A remote desert trail meandering through a cold, dark canyon. Long, ghostly shadows cast by the setting winter sun. An exposed campsite on the rocky lip of a place known as Death Hollow. When winds of biblical proportions tore through the canyon and hurled pellets of hail and snow at our meager shelters, we finally made the connection: We’d walked into the valley in the shadow of Death Hollow.
Okay, so most of our Editors’ Choice testing trips aren’t so dramatic, but they’re never pretty. To earn one of our annual awards, new and supposedly “best of the best” gear has to run a gauntlet unmatched in the outdoor world. No green pastures here, no warm-and-fuzzy backyard testing; we’re talking about hundreds of days and nights on mountains, in the desert, and along rainforest trails. If the gear doesn’t deliver comfort, convenience, and ground-breaking performance in honest-to-badness backcountry conditions, it’s out of contention. This year, two hopefuls, including one of the industry’s most hyped new product lines, fell by the wayside during that bruising night on Utah’s Boulder Mail Trail. On the other hand, several new products weathered this storm—plus hundreds of wet, snowy, gusty, and blazing hot trail days from the Grand Canyon to the Rockies to Mt. Rainier’s Wonderland Trail and routes in the Catskills, Absarokas, and Swiss Alps—to secure spots on the finalists list.
Which bring us to this year’s winners: six innovative products guaranteed to improve your camping experience. Our picks include two twenty-first-century shelters that pleasingly blur the line between tent and tarp; the lightest, warmest, most packable fleece we’ve worn; a mountain jacket you may never take off; backpacking food that’s healthy, easy, and tasty; and a lantern that keeps on glowing. Our second annual Editors’ Choice Gold Awards, for tried-and-true, long-term excellence, go to Gregory’s Pro Series packs and Nalgene’s Lexan Wide-Mouth bottle. Learn why below.
So by now you’re probably wondering: Where’s the year’s hot new pair of boots or sleeping bag or pack or tent? You know, the core trail gear everyone needs?
New models in those categories are resting on the sidelines in one of the strongest runner-up groups we’ve ever compiled. When the dust settled, there were a dozen or so pieces of gear that started out on the long list, but testing revealed a few minor flaws that kept them from being proclaimed the year’s absolute best. Now that doesn’t mean these near-winners are junk. On the contrary, they are all noteworthy and scheduled for reviews in upcoming issues of Outfitting.
So that said, here are the Editors’ Choice recipients for 2000, all of which survived Death Hollow and, no doubt, will protect and comfort you when the shadows grow long and cold and the sky darkens with impending storms.
Mountain Hardwear Bat Ray 4
A big shelter that won’t weigh you down
I always figured the downsides to tarp camping outweighed the benefits. You know, bugs, slithering invaders, blowing rain. But then I had the pleasure of sleeping under the Bat Ray 4 on our group test hike in southern Utah. Offering a cavernous 77 square feet of space, the Bat Ray 4 comfortably accommodates four adults but weighs only 5 pounds and stuffs down smaller than the average four-person-tent fly. That means one person can easily pack the whole enchilada, lightening the load considerably for three slackers. Or leave two slackers home, shoulder the still-reasonable load, and enjoy the sprawling compound with just one partner.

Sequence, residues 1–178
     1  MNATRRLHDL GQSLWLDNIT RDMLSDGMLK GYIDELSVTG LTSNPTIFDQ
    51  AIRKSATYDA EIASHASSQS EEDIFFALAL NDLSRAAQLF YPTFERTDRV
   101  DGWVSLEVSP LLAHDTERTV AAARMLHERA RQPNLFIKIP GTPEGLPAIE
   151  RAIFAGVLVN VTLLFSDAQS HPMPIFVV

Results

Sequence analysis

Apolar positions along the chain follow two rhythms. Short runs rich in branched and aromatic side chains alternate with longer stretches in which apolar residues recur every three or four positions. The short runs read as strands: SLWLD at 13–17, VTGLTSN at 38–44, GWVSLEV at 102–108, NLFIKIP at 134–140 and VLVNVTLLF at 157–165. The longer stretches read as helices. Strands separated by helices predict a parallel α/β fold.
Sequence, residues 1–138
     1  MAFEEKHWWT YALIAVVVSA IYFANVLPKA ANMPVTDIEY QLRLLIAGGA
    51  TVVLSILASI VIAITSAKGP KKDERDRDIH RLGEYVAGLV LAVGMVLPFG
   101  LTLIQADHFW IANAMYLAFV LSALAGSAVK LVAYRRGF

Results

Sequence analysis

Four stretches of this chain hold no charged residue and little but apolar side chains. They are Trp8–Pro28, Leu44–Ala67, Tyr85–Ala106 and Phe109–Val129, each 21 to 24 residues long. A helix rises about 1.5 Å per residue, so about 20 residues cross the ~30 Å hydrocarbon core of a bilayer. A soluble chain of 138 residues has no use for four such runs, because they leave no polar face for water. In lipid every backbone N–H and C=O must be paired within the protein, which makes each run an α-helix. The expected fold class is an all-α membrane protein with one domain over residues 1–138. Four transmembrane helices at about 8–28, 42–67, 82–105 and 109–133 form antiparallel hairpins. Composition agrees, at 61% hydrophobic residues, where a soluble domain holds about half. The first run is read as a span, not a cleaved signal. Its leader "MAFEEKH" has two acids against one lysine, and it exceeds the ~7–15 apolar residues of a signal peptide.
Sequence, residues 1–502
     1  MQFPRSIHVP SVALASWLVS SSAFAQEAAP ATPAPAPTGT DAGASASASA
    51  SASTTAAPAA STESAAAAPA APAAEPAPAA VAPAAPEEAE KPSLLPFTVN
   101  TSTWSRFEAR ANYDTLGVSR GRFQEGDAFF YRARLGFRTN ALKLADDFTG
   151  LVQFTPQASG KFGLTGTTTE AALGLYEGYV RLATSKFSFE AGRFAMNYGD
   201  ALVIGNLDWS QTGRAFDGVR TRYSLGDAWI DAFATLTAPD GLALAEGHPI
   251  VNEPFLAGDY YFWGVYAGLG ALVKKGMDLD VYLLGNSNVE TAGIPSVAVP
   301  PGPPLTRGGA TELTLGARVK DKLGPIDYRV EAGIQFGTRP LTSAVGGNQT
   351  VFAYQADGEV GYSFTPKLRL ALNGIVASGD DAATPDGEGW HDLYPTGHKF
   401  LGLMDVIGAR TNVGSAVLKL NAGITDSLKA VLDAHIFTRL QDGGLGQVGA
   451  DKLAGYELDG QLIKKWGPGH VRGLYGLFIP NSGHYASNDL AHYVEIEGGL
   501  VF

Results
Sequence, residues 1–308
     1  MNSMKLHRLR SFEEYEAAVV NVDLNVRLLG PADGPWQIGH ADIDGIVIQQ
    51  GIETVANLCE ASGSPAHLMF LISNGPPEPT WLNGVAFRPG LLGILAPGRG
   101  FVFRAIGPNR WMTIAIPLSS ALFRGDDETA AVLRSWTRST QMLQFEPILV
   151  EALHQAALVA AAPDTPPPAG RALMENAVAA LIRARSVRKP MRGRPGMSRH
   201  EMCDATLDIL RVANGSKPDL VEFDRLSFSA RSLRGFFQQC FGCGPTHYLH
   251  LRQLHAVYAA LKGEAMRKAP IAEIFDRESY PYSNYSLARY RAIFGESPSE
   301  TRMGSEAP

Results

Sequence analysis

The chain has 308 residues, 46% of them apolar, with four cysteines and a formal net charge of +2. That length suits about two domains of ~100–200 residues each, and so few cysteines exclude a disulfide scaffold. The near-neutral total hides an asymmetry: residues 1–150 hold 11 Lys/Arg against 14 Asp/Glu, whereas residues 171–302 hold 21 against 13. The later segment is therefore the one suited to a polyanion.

The Bat Ray 4 feels more like a tent than a tarp. The entire perimeter is flush to the ground, with taffeta and mesh skirts hanging from the “wings” for extra protection against creepy-crawly intruders. A hoop pole at the rear of the shelter, along with a pole support (a trekking pole or dead branch will do) in the front creates enough headroom for four people to sit and play cards. The enclosed back end, combined with the sloping, aerodynamic design, helps the Bat Ray shed angry weather without becoming airborne. Thanks to that rear hoop pole, there’s no tarp in your face, even under snow or heavy wind.
Ventilation comes from the mesh skirts along the side and the large front entrance, which is top-to-bottom mesh with a zipper down the middle. The screen doors can be rolled up and tied back for better views or enhanced ventilation in bug-free environments. And just to ensure that hard-core tarp types don’t get claustrophobic, there’s a window at the rear that’s ideal for star gazing. I awoke every morning on the Utah test trip admiring the sunrise out the window and thinking I was in a tent.
Bottom line: The Bat Ray 4 is a tarp that acts likes a big tent, minus the weight. —Annette McGivney
Weight: 5 lbs.
Contact: Mountain Hardwear, (800) 579-9093. Reader service #122. Note: The smaller Bat Ray 2 costs $165. An optional clip-in floor is available for both models.
Patagonia Regulator Fleece
The most comfortable, functional, packable syn-fuzz yet.
For years, I worshipped fleece in all its fuzzy permutations: midweight, micro, windproof, stretch, polarweight, bipolar, recycled, and pile so thick it looks like it was sheared from a synthetic sheep. Warm, soft, nonabsorbent, and virtually indestructible, this fabric was perfect for my backcountry adventures.
But lately my affections had begun to waver. New, all-purpose jackets like the hybrid Ibex Icefall deliver warmth, wind protection, moisture management, and breathability in a wide range of conditions. Lined windshirts (reviewed in “Jackets With An Edge,” September 1999) and synthetic-fill parkas (“Synfully Warm Jackets,” September 1997) pack incredible warmth into tiny stuff sacks. Suddenly my fleece seemed bulky and one-dimensional.